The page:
The world is quickly abandoning coal, the dirtiest of fossil fuels. But that’s not the end of the road for coal mines—in many countries they’re coming back to life as solar farms. Over the weekend, the world’s biggest floating solar project began operating in the eastern Chinese city of Huainan, which accounted for nearly 20%…
Tag Archives: Australia
I’m hopeless with dates so I wanted to commemorate the day on which marriage equality became law, here in Australia. I’m so proud. 🙂
Yesterday marked a special day in Australia. We voted ‘Yes’ to equality and a fair go. And we voted ‘no’ to bigotry.
As a nation, that’s cause for celebration, but the moment would have tasted even sweeter if it had marked the day marriage equality came into law.
Because it’s not there yet. This postal vote was not compulsory. It was also not binding. That means the politicians in Canberra can dick about forever and a day, delaying the inevitable just to pander to party factions. The result of the vote had barely been made public and already a Rabid Right politician was spruiking a marriage equality bill that would grant the right to marriage but would also water down anti-discrimination laws already in place!
I hope the Rabid Right enjoys its moment in the sun, because if they mess this up, none of the Liberals will stay in power for much longer. That is the one lesson none of our politicians seem to have learned. I guess they still think the political see-saw of the last few years is just an abberation. But it’s not. Parliament is full of Independents because we, the people, no longer trust the two major parties.
Malcolm Turnbull, our PM, has said he will make marriage equality a reality by Christmas. I hope that reality does not include the right for others to discriminate against gay couples, because reneging on the clear wishes of we, the people, will sound the death knell for his whole party.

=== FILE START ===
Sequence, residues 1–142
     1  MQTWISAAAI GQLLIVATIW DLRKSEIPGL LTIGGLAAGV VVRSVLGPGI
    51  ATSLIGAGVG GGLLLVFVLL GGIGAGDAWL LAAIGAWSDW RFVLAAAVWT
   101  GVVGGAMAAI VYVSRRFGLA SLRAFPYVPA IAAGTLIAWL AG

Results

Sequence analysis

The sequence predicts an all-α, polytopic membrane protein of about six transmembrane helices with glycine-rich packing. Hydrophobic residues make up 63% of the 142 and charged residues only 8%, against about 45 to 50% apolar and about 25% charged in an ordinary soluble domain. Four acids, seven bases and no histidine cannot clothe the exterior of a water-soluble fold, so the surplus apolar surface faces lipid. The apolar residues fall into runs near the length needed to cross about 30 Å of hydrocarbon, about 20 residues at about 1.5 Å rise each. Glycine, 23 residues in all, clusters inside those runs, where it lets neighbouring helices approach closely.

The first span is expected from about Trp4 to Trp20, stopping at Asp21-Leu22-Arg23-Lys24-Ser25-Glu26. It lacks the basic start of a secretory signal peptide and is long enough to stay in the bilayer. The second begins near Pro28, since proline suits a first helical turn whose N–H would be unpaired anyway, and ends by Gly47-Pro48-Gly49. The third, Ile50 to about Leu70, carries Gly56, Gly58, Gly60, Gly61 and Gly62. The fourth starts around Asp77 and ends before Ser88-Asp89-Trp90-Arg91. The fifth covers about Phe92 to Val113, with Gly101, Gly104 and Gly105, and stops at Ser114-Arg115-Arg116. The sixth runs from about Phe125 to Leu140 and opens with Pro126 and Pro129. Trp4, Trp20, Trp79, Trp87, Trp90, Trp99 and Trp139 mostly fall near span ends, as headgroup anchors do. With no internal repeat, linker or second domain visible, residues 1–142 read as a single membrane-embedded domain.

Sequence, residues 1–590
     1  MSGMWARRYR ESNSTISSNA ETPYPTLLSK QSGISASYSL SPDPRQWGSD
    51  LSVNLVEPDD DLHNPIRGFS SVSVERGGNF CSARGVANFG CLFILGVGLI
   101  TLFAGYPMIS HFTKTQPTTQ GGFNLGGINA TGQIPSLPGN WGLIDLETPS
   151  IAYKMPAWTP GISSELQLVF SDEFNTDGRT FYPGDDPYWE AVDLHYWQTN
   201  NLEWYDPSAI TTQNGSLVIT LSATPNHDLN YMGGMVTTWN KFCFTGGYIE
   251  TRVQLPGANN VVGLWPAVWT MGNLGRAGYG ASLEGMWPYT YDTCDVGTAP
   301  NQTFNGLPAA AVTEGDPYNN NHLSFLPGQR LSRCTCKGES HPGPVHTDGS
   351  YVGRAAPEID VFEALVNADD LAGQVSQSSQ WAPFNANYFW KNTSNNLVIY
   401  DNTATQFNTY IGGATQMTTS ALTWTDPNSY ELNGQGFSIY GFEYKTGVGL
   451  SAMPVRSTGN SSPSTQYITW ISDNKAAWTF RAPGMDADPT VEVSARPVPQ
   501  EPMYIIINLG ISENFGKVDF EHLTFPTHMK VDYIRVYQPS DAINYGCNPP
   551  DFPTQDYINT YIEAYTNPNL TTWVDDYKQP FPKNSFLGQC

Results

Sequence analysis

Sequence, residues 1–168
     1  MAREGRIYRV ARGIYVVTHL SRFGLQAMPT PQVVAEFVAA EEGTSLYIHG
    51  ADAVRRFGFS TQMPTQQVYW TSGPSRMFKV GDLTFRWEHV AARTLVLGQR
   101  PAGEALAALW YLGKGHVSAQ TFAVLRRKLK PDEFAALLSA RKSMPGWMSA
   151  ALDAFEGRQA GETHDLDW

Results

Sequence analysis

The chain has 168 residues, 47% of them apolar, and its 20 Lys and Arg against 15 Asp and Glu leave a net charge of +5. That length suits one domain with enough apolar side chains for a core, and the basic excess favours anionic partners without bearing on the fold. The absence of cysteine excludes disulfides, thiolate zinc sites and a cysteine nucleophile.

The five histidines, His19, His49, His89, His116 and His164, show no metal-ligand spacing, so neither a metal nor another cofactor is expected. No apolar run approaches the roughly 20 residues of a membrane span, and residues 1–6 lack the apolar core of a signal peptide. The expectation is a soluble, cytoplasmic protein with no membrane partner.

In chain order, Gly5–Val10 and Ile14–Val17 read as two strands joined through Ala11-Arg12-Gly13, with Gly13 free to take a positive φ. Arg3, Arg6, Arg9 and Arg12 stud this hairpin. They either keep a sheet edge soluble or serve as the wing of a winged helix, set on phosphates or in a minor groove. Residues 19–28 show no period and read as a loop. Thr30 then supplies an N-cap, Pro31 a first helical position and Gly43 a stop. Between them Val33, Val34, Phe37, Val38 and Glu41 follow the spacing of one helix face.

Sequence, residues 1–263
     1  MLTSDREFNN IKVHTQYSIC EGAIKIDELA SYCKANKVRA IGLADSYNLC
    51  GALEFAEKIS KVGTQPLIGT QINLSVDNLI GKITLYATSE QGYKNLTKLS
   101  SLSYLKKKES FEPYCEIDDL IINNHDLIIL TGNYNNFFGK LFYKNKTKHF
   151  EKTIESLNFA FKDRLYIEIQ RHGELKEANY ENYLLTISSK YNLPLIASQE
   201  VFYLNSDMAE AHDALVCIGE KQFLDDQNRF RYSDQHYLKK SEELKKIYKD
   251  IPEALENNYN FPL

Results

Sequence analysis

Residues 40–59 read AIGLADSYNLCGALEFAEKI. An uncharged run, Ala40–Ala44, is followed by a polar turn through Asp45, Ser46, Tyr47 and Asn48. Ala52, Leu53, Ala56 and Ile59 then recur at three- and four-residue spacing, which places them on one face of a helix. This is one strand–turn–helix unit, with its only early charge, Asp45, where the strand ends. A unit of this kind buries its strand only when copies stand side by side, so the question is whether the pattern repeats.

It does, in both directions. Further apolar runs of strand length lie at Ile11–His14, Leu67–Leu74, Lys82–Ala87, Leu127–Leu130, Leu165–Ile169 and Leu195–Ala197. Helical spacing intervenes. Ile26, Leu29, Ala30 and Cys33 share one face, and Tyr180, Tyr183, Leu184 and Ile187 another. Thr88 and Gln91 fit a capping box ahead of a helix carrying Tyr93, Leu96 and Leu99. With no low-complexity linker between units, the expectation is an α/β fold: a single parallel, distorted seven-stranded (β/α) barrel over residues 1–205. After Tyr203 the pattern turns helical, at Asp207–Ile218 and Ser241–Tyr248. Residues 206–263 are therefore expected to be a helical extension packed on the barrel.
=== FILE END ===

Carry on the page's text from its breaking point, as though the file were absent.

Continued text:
IngramSpark, probably the biggest print-on-demand publisher, has a facility right here in Melbourne [Australia].
“Yay! I can get copies of my books printed locally to save a huge amount on postage!”
That was me yesterday. Today I have steam coming out of my ears because the only way I can use IngramSpark is as a Sole Trader – and that involves getting an ABN. Apparently, IngramSpark does not deal with lowly self-publishers who can’t pretend to be a business.
For those not familiar with the term, ABN stands for Australian Business Number. I used to have one, about 15 years ago when I ran a micro business teaching computer skills one-on-one. In fact, apparently I still have one lurking somewhere, inactive and unusable, but still in the ‘system’. Somewhere.
I could hunt down my old ABN, but I don’t even know where to start and, bureaucracy being what it is, the process could take hours or days out of my life. That’s a lot of effort to go to just for the privilege of printing a few copies of my book here in Australia, especially when the only benefit to me is a saving on postage [Ingram’s printing costs are a lot higher than CreateSpace but postage from the US is the real killer].
Oh, and did I mention that you have to pay IngramSpark $53 AUD for the privilege of using their distribution services, even if you don’t actually intend to use them to distribute your books? Yup, that’s part of the setup process.
So if you’re an Aussie self-publisher, my advice is to give IngramSpark a miss. Unless you already have an active ABN…
-sound of teeth grinding-
Does anyone out there know of a reasonable PoD company here in Melbourne? Maybe a home-grown one that doesn’t charge the earth?
Originally posted on Climate Denial Crock of the Week: India charging ahead on renewables. Vying with China for global leadership in the growth industry of the new century. Meanwhile, Washington looks longingly to the 19th century. Watch for new video on this topic coming very soon. Meanwhile, Denmark has decided to offload oil interests, and…
India is surging ahead with renewables because the India government recognizes that renewables will be cheaper in the long run than fossil fuels. China is doing the same, and both countries are positioned to become the power houses of industry in the coming decades.
But where does that leave Australia? Fumbling in the dark, that’s where. We could have become world leaders in solar technology, but the lack of political vision and will sent our innovative companies offshore, and now we import the technology from…China.